Getting Disruptive With It

cydog‘Disruptive’ is the latest buzz term headlining presentations at robotics’ conferences.  Wikipedia describes Disruptive as ‘an innovation that creates a new market by applying a different set of values, which ultimately (and unexpectedly) overtakes an existing market’, and provides several examples –  Over the next years, many robotic innovations, some of course not yet known, will undoubtedly prove to be ‘disruptive’ as they transform our society and improve our quality of life.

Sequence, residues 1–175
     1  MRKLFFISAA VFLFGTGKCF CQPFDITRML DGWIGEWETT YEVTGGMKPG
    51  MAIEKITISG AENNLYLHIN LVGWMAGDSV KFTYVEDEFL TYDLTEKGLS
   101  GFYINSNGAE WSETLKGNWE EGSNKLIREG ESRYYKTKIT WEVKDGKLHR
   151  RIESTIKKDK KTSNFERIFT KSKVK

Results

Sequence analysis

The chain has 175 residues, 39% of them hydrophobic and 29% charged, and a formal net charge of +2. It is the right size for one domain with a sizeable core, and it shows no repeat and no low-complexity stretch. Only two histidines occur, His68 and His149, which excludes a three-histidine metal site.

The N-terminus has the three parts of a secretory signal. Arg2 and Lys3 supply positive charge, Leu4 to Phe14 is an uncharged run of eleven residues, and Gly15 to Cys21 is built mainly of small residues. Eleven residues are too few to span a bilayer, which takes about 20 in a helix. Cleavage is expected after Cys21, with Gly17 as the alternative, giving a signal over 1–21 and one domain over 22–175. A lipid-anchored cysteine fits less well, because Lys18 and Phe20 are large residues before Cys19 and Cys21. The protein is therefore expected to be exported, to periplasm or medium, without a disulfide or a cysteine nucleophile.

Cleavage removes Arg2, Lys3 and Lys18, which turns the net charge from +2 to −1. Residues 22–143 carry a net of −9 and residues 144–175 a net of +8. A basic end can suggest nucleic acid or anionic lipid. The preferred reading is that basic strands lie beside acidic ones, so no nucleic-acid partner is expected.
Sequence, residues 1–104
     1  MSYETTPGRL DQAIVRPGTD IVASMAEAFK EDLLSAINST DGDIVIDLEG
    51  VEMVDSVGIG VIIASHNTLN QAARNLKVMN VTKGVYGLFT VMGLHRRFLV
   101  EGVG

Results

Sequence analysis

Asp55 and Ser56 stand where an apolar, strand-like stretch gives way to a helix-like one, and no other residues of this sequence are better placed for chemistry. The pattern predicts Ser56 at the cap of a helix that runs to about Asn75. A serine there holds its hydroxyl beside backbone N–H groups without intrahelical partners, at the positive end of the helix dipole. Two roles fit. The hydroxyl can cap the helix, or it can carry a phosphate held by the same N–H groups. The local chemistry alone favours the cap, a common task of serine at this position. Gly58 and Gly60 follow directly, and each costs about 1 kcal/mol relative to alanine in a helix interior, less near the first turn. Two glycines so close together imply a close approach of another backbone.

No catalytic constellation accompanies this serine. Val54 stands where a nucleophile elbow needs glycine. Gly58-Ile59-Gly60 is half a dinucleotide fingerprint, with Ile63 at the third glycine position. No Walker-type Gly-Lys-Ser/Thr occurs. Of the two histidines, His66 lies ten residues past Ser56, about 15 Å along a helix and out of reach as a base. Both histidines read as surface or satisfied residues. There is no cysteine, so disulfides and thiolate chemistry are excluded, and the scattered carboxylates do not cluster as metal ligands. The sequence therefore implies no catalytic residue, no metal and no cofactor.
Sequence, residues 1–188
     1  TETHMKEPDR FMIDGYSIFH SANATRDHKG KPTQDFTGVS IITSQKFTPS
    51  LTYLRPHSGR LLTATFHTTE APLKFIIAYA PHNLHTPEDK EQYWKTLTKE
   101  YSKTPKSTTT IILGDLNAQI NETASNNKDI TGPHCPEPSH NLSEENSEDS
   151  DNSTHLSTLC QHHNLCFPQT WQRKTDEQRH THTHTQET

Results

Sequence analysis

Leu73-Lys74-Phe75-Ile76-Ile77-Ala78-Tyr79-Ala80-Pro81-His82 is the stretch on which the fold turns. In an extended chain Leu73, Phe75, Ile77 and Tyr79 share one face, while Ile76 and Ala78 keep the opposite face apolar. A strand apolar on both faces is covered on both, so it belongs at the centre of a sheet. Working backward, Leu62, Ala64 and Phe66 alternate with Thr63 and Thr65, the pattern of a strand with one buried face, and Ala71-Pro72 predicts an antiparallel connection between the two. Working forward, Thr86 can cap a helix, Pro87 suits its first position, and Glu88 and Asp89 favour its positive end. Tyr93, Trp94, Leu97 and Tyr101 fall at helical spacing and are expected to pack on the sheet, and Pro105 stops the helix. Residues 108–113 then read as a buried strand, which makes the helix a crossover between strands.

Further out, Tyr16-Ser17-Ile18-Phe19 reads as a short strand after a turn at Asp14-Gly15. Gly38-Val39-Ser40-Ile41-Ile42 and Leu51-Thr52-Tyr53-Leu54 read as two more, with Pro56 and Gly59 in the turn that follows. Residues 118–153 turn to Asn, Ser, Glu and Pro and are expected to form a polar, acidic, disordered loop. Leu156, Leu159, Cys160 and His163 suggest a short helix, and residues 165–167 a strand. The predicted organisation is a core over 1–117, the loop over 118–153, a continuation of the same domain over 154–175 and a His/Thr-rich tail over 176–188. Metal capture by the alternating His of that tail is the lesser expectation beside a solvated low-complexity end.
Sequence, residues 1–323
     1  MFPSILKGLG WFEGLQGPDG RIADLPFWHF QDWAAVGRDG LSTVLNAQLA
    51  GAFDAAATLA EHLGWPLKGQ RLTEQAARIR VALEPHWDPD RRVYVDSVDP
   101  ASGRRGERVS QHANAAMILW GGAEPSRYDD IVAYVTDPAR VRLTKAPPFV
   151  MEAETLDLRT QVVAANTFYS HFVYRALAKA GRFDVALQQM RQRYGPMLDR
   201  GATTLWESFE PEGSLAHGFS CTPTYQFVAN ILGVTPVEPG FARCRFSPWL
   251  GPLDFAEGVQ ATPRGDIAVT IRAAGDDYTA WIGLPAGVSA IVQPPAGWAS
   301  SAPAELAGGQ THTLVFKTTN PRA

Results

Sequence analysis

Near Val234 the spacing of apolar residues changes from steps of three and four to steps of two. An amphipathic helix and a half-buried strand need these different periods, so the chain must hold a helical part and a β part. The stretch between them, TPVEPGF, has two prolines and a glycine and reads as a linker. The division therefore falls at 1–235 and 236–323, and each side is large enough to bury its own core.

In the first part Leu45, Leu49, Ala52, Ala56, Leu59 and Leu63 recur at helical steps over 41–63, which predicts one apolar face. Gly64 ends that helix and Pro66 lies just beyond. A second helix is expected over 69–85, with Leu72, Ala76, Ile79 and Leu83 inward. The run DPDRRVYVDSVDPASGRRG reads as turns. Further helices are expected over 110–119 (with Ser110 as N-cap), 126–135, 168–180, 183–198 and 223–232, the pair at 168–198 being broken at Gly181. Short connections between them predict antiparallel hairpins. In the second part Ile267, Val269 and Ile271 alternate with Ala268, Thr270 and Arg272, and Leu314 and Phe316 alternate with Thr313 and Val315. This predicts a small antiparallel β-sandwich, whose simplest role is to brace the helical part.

However, with all the negative backlash from the recent media about ‘robots taking jobs away from humans’, I’m concerned that the public, not knowing what the economic definition of disruptive is, may associate ‘disruptive’ with its synonym meaning of ‘disturbing’, ‘unsettling’, ‘troublesome’, etc.  Thus, I urge the industry to reconsider using other words, perhaps less ‘startling’ to the public to describe the tremendous benefits advanced robotics will have on society, some of which have already been ‘positively’ acknowledged, including those robots used in healthcare or in life-threatening environments where robots can step in for a human such as in defusing bombs, putting out major fires, handling radioactive materials, search and rescue efforts, etc.